Our family started using a monthly budget about 3 years ago and I can’t say enough about how much it has improved our lives. Money is one less thing for us to stress over, which means as husband and wife we have one less thing to argue over! 22% of divorces are a result of money issues. Therefore, not having money issues between you and your spouse gives you an advantage in your relationship. Even if you’re not married, it’s obvious that money can really tear people apart. I’ve taken courses and read books on managing a household budget, and these are some of the best budgeting tips that can keep you on track.
Budgeting Tips to Keep You on Track
First off, I need to clarify that a budget is a list of expenses that can be paid for with your monthly income. A budget includes frequent, recurring expenses, like groceries and mortgage. A successful budget also covers expenses that don’t occur often, like back to school shopping, birthdays, and Christmas. Check out my budget plan, which guides you through setting up a successful budget.
Set Financial Goals
How long do you want to work? The legal retirement age is 65, but unfortunately many older adults can’t afford to retire. They’re having to work well beyond the age of retirement or learn to live on significantly less than they are accustomed to. People who set goals, and write them down, are more likely to see achieve those goals. It’s one thing to say, “I want to retire when I’m 60.” It’s another thing entirely to take action on that goal. Some examples of financial goals might be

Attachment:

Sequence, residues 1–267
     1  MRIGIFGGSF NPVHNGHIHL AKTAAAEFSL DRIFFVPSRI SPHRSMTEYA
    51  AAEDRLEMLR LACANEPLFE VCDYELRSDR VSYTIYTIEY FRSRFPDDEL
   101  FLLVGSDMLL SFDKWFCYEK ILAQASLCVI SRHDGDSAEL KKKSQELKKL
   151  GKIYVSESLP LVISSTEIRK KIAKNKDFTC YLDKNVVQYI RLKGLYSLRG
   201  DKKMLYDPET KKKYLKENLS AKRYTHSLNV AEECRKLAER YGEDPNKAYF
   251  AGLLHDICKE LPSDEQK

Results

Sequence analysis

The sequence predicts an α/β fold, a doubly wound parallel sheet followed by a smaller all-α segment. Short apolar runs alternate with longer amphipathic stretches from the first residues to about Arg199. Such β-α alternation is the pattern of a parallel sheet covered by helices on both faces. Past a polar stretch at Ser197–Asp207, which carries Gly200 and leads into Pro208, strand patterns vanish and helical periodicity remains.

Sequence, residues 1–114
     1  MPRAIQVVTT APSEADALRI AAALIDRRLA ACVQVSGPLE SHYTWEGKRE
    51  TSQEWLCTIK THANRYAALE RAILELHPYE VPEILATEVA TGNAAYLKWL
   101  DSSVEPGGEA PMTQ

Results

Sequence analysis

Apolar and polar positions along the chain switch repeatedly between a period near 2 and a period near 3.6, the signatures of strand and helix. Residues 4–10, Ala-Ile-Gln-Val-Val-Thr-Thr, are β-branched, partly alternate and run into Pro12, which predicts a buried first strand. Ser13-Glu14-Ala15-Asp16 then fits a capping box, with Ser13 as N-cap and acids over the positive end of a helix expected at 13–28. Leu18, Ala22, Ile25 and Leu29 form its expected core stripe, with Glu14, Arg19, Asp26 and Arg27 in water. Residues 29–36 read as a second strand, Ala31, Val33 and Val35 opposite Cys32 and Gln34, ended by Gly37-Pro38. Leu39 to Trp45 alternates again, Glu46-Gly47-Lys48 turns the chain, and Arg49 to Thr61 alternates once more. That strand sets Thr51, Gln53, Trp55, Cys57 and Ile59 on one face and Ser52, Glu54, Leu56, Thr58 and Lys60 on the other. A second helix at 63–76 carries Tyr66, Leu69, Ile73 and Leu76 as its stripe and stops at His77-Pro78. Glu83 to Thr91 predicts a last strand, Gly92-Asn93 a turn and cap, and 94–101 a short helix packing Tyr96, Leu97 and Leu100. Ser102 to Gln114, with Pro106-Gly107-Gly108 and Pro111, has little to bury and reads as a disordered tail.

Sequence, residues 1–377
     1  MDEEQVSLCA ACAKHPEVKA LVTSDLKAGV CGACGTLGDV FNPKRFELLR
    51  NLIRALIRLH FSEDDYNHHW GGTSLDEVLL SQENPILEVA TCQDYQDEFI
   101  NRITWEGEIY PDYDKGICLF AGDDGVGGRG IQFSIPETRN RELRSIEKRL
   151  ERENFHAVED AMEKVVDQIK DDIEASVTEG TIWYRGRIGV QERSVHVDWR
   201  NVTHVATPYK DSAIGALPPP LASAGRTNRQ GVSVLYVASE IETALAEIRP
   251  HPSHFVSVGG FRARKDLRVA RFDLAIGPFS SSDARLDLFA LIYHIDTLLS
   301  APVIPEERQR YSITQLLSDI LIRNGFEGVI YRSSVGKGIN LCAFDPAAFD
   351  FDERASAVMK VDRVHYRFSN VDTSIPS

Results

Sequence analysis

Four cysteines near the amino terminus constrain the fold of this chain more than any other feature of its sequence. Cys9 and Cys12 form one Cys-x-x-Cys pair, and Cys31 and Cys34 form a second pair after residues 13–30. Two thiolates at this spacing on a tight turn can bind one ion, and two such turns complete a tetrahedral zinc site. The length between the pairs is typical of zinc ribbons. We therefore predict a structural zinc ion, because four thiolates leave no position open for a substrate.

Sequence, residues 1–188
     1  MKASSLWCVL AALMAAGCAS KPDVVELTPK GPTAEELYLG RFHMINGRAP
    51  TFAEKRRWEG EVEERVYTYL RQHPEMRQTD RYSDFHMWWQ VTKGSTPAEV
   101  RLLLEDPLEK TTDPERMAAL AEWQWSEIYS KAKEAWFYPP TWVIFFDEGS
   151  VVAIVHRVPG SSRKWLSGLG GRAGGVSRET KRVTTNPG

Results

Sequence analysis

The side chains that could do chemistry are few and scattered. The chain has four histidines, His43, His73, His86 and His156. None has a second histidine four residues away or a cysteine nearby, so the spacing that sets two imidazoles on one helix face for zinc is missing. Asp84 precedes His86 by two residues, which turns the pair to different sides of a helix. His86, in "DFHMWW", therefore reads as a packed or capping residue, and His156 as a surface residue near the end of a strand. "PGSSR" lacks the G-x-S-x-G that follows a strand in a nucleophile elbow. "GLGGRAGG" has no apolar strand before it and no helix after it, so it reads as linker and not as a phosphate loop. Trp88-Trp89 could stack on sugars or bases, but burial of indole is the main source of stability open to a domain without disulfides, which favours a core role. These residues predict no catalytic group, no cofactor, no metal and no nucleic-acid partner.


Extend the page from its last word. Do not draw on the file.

-Pay off your home or credit card debt
-Fund a retirement account
-Save for your child’s college education
-Enjoy nice vacations and travel more
Some of these can be paid for with credit. But do you still want to be paying off credit card or loan debt when you’re retired?
Know your Income and Live Below It
One similarity among people who don’t have to worry about money or their financial future is that they typically live below their means. Living below your income doesn’t mean you can’t have nice things. It means that you save proactively in case of an emergency, so unexpected vehicle repairs or vet bills don’t cause financial strain for your family. Probably one of the best budgeting tips I learned was the importance of creating an emergency savings fund. Every month, part of our budget includes adding to this fund.
Find an Accountability Buddy
If you’re not married, find a relative or friend who can support your decision to live on a budget. Share your financial goals with the person. Ask him or her to check in with you periodically and see how you’re doing with the budget. If you are married, this needs to be your spouse. You should both agree on financial goals and be on board with living under your income in order to meet those goals.
Set Shopping Limits
Some budgeting tips may leave this one out, but I have found great success in setting shopping limits.
Before entering the store, have a list of what you’re going to buy and stick to the list!
Your shopping list should be covered by an item in your budget, like clothing or groceries. Check out these 18 ways to save money on groceries for more budgeting inspiration.